The majority of banks are fretting that the amount of cash they are expected to stockpile against risks like cybercrime, compliance failings and IT meltdowns is going to mushroom over the next few years.
Sixty per cent of European banks believe the amount of capital they will be expected to hold to cover such non-financial risks will increase in the near future, while one in 10 is worried the capital requirements will increase by more than 50 per cent.
"Banks and regulators are clearly turning their attention to non-financial risks which can have a huge impact on a bank's bottom line," explained Fiona Fry, head of the financial services regulatory centre of excellence at KPMG, which carried out the research. "Most attention is currently being given to IT and compliance risks, while business and strategic risks are too often overlooked.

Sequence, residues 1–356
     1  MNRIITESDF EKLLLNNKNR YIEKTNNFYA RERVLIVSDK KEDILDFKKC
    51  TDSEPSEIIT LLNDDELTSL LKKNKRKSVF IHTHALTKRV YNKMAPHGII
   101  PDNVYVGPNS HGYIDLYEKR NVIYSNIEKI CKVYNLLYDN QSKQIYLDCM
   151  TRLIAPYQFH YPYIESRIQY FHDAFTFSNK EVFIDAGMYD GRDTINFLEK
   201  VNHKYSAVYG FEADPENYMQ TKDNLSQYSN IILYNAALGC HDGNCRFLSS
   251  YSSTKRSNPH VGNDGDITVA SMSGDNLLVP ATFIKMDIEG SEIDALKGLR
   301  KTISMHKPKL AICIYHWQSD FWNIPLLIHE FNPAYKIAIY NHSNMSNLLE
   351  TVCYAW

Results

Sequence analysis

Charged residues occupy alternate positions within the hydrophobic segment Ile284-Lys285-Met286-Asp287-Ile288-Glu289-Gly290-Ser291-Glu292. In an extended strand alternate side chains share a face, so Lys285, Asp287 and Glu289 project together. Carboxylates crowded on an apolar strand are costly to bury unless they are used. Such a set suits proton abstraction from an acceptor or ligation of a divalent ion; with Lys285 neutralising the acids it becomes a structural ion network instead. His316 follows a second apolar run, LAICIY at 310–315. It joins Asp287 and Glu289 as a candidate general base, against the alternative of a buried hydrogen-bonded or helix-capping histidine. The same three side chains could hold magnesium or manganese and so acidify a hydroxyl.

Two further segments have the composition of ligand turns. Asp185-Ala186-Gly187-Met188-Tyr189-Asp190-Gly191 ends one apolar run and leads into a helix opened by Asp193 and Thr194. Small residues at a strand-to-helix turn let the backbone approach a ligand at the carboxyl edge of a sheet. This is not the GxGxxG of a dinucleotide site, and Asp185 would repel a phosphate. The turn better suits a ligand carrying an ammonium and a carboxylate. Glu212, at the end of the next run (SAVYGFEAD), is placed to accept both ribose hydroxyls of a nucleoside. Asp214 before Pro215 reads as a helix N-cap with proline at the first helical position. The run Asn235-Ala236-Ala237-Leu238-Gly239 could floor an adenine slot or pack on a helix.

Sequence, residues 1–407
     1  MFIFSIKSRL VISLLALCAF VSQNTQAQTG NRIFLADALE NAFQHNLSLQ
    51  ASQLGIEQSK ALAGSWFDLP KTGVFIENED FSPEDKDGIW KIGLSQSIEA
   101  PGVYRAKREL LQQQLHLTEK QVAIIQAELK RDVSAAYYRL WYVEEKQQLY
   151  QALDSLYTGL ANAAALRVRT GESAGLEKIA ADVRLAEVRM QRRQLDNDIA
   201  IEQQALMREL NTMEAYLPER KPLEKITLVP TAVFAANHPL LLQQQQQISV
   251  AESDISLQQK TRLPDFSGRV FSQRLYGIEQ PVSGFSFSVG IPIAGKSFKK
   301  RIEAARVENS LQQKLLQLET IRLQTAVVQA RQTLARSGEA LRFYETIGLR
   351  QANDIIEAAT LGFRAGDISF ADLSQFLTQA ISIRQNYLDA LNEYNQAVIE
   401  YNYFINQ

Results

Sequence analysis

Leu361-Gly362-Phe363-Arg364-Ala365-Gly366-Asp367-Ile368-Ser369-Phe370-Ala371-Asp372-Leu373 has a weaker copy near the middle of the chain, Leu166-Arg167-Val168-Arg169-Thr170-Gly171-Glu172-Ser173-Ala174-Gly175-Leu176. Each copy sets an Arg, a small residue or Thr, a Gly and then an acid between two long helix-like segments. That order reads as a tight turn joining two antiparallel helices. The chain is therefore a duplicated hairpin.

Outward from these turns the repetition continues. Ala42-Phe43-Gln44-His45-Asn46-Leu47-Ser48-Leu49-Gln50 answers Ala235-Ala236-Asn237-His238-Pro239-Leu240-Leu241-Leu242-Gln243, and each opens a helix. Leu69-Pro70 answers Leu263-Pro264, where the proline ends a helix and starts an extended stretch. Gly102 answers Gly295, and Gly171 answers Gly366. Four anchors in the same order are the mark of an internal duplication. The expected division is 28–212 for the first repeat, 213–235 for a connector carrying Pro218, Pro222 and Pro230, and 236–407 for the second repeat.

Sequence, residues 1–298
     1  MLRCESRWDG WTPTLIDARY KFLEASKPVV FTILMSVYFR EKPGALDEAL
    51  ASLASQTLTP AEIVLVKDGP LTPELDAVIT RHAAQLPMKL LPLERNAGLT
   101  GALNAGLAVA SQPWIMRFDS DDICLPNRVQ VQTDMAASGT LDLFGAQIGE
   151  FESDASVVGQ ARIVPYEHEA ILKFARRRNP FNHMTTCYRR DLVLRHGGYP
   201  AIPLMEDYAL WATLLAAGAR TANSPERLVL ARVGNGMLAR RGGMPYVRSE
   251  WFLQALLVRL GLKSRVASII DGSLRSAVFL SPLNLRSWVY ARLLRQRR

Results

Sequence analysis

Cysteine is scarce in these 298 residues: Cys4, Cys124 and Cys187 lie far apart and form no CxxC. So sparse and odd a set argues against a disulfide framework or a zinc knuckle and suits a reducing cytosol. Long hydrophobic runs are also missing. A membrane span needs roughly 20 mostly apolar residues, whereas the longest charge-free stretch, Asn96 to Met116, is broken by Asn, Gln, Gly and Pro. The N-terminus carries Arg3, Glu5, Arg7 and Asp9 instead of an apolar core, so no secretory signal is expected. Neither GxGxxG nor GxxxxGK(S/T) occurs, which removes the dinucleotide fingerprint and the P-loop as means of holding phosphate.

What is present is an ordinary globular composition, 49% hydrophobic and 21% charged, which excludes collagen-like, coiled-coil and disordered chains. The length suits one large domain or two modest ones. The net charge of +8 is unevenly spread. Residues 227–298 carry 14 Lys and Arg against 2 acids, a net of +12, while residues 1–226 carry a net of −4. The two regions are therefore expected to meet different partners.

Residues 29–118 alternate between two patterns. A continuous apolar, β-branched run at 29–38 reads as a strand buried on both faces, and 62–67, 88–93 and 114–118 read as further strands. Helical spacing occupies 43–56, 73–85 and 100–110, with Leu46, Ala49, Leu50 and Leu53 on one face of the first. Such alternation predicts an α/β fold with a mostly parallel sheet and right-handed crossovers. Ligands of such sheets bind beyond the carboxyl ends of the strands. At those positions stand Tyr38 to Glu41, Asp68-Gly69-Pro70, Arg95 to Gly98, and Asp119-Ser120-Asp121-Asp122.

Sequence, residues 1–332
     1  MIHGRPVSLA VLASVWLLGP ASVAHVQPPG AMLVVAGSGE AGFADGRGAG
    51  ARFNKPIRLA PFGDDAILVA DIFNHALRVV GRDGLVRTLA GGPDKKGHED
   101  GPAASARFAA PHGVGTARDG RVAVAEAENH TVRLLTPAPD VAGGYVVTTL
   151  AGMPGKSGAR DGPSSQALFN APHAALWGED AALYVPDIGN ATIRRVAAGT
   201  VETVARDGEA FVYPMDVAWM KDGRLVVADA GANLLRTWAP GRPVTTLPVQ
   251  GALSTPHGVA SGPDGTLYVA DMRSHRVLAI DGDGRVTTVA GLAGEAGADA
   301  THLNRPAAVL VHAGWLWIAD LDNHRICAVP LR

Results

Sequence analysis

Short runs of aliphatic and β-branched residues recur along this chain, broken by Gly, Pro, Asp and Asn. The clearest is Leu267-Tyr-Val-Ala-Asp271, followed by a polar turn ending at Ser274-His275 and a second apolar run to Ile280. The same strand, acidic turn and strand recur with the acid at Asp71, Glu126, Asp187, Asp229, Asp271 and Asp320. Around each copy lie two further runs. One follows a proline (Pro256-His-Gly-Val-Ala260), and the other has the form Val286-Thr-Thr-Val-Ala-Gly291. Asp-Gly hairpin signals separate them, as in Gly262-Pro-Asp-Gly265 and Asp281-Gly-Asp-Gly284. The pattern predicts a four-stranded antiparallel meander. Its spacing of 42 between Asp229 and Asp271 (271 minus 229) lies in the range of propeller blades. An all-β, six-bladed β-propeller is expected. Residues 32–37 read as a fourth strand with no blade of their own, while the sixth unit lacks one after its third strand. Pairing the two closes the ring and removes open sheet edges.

"In such a politically volatile environment, European banks need to be braced for change and so strategic and businesses concerns should really come higher up the list of priorities."
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Non-financial risks – which, for KPMG's study, consisted of all risks that are not credit, market, counterparty, interest rate or liquidity linked – currently comprise at least 10 per cent of total losses at nearly half (47 per cent) of the European banks studied, with a handful of lenders saying these risks account for more than half of all their losses.
Recent research from AJ Bell, which was released last week, discovered HSBC, Lloyds Banking Group, Barclays, RBS and Standard Chartered had run up a bill of nearly £100bn between them for bad loans and legal costs since 2011.
All five of these banks are due to report full-year results this week, starting with HSBC on Tuesday morning.